Eating disorders: the sad truth behind the quest for body ‘perfection’

Autumn Hyatt

agreer@uccs.edu  

 “Y’all gotta start normalizing normal bodies, okay? Not everybody has a wagon behind them, okay? Guts are normal! They’re normal. Boobs sag … Instagram isn’t real.”  

     That is a beautiful statement that Chizi Duru (@chiziduru) posted in one of her latest Instagram reels. However, “normal bodies” have not yet been normalized and there are still unrealistic and unhealthy beauty standards in the world, and social media has only made this worse, as pictures and videos of our bodies are edited, filtered and made to look realistically flawless. However, these images as far from realistic. 

     According to Verywell Mind, eating disorders have been around since 323 B.C. The increase in media-editing techniques, unrealistic societal standards and mass media productions have only made these disorders more prevalent. The National Association of Anorexia Nervosa and Associated Disorders (ANAD) states that nine percent of the U.S. population will be personally affected by an eating disorder. 

     An eating disorder is an unhealthy relationship with food that negatively affects mental and physical health. Those who suffer from eating disorders often fixate largely on their weight, body shape and food. 

     There are multiple different kinds of eating disorders, the most common ones being anorexia nervosa, bulimia nervosa, binge-eating disorder and other specified feeding or eating disorder.  

     There is way too much information about these disorders to cover in one article, but according to Mayo Clinic, some warning signs to be aware of include: obsessive behaviors surrounding food or exercise; skipping meals or not eating; eating an excessive amount in a short amount of time; withdrawing from normal social activities; persistent worry about body weight and expressing shame or guilt about body weight or eating habits. 

     Women are three times more likely to suffer from eating disorders than men are. Over two-thirds of people with eating disorders have an anxiety disorder, and 94 percent have mood disorders such as depression, according to the National Eating Disorders Association (NEDA).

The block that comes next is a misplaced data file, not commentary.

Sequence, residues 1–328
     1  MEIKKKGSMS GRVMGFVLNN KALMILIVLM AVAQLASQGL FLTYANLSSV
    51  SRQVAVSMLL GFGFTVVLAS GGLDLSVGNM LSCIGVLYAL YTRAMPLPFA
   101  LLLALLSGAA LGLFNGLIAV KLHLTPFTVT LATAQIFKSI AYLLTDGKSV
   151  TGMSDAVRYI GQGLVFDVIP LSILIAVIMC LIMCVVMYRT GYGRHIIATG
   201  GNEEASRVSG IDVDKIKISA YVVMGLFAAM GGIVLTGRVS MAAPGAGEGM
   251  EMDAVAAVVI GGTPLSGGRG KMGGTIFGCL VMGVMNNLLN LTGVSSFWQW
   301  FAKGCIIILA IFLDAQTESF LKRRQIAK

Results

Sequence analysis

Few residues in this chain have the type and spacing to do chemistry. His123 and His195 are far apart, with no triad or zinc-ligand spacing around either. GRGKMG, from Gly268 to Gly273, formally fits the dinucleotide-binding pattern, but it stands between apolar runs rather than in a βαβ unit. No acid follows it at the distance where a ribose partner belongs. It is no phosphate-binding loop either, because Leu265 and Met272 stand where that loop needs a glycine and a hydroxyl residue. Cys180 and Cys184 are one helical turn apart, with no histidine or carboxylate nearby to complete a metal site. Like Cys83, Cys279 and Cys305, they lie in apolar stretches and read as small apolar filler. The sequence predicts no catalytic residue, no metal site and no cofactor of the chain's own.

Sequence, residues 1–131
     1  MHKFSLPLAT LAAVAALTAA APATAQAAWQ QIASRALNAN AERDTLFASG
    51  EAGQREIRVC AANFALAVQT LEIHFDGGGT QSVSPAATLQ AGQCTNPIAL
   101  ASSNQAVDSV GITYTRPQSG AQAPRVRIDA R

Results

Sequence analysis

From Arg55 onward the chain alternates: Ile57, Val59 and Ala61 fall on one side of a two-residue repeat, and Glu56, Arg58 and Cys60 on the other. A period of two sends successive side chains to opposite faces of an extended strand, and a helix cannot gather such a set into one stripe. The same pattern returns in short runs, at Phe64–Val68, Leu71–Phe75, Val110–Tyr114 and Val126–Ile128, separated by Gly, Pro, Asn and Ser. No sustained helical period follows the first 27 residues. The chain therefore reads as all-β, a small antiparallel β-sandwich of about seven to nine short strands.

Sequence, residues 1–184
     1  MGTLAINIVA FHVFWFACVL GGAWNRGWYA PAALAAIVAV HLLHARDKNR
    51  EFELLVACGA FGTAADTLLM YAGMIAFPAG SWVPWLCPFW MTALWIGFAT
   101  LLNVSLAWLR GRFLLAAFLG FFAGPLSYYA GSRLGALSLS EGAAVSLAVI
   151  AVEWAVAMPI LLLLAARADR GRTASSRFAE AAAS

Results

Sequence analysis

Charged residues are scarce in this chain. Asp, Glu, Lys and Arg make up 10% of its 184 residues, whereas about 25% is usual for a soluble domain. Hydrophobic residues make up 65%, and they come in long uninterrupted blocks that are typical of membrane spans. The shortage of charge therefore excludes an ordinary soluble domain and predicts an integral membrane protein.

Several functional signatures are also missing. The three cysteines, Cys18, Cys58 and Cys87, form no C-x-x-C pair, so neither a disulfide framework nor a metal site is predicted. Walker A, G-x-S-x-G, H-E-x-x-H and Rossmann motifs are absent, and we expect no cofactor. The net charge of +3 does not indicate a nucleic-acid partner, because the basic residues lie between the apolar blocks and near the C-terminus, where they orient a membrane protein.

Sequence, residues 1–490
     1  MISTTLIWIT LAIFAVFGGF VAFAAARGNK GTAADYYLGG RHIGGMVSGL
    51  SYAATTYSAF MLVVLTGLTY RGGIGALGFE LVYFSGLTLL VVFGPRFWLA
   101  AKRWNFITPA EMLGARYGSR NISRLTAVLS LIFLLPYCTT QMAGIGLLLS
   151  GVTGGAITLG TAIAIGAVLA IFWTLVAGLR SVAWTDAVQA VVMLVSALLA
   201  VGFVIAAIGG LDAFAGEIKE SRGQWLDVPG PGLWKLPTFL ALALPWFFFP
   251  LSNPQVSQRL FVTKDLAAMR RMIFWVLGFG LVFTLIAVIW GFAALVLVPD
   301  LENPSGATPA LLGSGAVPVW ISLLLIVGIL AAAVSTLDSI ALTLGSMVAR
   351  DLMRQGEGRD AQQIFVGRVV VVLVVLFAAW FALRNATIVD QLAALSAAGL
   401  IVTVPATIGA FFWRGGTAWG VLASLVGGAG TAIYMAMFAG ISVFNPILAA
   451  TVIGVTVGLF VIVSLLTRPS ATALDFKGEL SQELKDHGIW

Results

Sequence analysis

Autism, ADHD, a family history of eating disorders and childhood traits such as perfectionism also increases the risk of developing an eating disorder.  

     NEDA provides that 62% of female and male athletes in aesthetics sports have an eating disorder, while 40-60% of girls ages six to 12 are concerned about their weight or body image. This statistic may seem shocking, but seriously, just look at the magazine covers on display the next time you are waiting in line to pay for your groceries or any of the “trending” celebrities and influencers on any social media platform.  

     As an adult, the images and videos of “flawless” people I am bombarded with daily through TV, my phone or advertisements often makes me question my worth and self-image. Now, consider children who do not understand the powers of posing, editing, photoshopping and filtering; obviously they are going to be greatly affected and influenced by these images. 

     Eating disorders and unhealthy eating habits are often stigmatized. They are played as jokes in media, such as in the film “Mean Girls” when Regina, one of the main characters, goes on a “juice cleanse” and drinks nothing but cranberry juice for 72 hours. Tropes like these glamorize disordered eating and dismiss the seriousness of these disorders.  

     According to ANAD, “Eating disorders are among the deadliest mental illnesses, second only to opioid overdose.” Someone dies every 52 minutes as a result of an eating disorder and 26% of people diagnosed with an eating disorder attempt to commit suicide.  

     The media has a huge influence on self-image and self-worth. I recently began unfollowing accounts on Instagram that made me feel negatively about myself and instead following accounts that made me feel worthy. A few accounts I am currently in love with include Mik Zazon (@mikzazon), Danae Mercer (@danaemercer) and Charlotte (@charlotttequeen). 

     To those suffering from an eating disorder or if you suspect you have an eating disorder, it is important to remember that you are not alone! You may feel hopeless or unsure of how to seek help, but there are many resources available for you. The best person to talk with if you have concerns is your doctor or therapist. See below for further resources if needed.  

National Eating Disorders Association helpline: (800) 931-2237 

Eating Disorder Hope: www.eatingdisorderhope.com 

A scale and measuring tape.
Stock photo courtesy of PixaBay.com